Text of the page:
I also want to reinforce the hinge mounts on the 180c with PL construction adhesive while they’re still in one piece. I did the same thing to my PowerBook 170 and 540c, and both are still great a decade later. 
 

Preventative maintenance now can save me a lot of trouble later

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I think my issue is that I'm not as confident with a soldering iron as you guys are. I feel like I have a better than even chance of taking a currently working display and making a mess of it if I were to attempt a recap, at least as my skills sit now. Reinforcing the hinge mounts is something I'd work on, however.

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16 hours ago, bigD said:


Mine has minor banding as well. As fragile as these things are becoming, I’m planning on simply letting it go until it gets significantly worse.

 

I have this dilemma as well; I have a good hand for soldering however there are times you have to weigh up additional damage vs. it "still works and doesn't look too bad".  The thought of cracking into an LCD alongside additional motherboard repairs isn't an essential consideration when restoring PowerBooks, unless you use it regularly and need a completely dependable Mac.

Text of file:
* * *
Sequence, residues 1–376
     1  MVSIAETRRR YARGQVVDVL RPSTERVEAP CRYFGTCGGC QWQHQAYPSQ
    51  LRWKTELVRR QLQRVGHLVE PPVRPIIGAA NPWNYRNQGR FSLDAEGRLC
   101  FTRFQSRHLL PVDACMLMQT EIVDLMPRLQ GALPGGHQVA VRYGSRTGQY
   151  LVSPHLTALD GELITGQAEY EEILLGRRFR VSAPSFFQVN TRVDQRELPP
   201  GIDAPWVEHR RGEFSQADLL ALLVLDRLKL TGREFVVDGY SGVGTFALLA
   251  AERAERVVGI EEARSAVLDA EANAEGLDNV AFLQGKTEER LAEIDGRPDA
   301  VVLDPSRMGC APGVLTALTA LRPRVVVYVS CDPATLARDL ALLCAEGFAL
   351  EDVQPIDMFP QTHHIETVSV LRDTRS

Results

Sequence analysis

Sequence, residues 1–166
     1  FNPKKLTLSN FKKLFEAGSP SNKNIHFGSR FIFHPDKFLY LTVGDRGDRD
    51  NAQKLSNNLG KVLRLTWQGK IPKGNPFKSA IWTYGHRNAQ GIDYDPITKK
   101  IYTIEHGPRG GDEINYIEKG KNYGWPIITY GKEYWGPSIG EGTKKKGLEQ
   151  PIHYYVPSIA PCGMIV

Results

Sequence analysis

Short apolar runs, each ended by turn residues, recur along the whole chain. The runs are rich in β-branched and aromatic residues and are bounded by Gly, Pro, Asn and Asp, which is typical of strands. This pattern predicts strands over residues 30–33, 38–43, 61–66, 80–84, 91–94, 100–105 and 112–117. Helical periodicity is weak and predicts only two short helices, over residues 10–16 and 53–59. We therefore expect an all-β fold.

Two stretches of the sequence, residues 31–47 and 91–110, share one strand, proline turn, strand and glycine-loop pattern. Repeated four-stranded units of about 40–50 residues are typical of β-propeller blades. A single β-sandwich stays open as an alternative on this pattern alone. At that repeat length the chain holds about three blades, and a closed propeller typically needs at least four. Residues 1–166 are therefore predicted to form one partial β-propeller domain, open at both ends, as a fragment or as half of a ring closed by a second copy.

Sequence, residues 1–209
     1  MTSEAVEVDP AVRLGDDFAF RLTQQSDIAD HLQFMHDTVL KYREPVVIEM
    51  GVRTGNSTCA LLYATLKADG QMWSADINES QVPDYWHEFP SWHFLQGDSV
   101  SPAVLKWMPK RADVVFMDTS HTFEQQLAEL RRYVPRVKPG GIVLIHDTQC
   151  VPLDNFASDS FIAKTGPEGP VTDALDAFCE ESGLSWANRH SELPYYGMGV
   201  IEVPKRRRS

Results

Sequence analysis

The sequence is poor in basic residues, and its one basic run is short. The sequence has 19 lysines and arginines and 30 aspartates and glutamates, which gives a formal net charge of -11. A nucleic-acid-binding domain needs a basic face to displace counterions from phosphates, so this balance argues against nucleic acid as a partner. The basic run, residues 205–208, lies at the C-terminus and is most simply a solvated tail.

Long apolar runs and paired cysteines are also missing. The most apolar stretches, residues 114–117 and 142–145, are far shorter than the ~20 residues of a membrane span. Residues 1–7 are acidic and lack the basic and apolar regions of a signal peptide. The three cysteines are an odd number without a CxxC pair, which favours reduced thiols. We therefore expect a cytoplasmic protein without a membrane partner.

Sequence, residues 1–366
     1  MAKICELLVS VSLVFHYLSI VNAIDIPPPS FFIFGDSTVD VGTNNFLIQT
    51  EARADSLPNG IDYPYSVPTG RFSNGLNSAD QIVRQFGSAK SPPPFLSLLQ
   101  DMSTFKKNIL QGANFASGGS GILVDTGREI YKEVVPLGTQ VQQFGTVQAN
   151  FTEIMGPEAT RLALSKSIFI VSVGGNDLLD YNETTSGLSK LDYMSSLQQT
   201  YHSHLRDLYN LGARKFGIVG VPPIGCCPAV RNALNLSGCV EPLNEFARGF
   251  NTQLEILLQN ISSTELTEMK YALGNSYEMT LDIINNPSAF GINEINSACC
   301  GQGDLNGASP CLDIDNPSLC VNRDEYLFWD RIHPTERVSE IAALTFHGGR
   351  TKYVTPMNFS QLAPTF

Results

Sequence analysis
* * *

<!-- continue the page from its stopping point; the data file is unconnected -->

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I don't know if what I have can be called "confidence", I just wing it and pray it works out. That's how I've been fixing things for decades and somehow it hasn't bit me in the rear; yet.

 

These old machines are honestly a good starting point. Plastics are fragile, but component density is much lower. The LCD controller circuit is mounted beside the screen, whereas modern units have the board stuck to the back. The isolation provided by the side-mounted board makes it a lot easier to keep heat away from the panel and eliminates the risk of applying too much pressure to the back of the screen.

 

But, like Byrd said, it really depends on what you want out of a vintage Mac. Classic Macintosh computers aren't always the most stable things, even when fully restored, so plenty of people would rather just keep the machines as a display piece since they have little practical use.

 

I just feel bad for these old computers and want to bring them back to a fully operational status and use them as originally intended. Especially ones like the 180c that weren't especially well received in their day. Once the screen is repaired I'll be rebuilding another 1xx series battery pack so I can watch the colour LCD chew threw the battery in under an hour and get that genuine 1993 Apple experience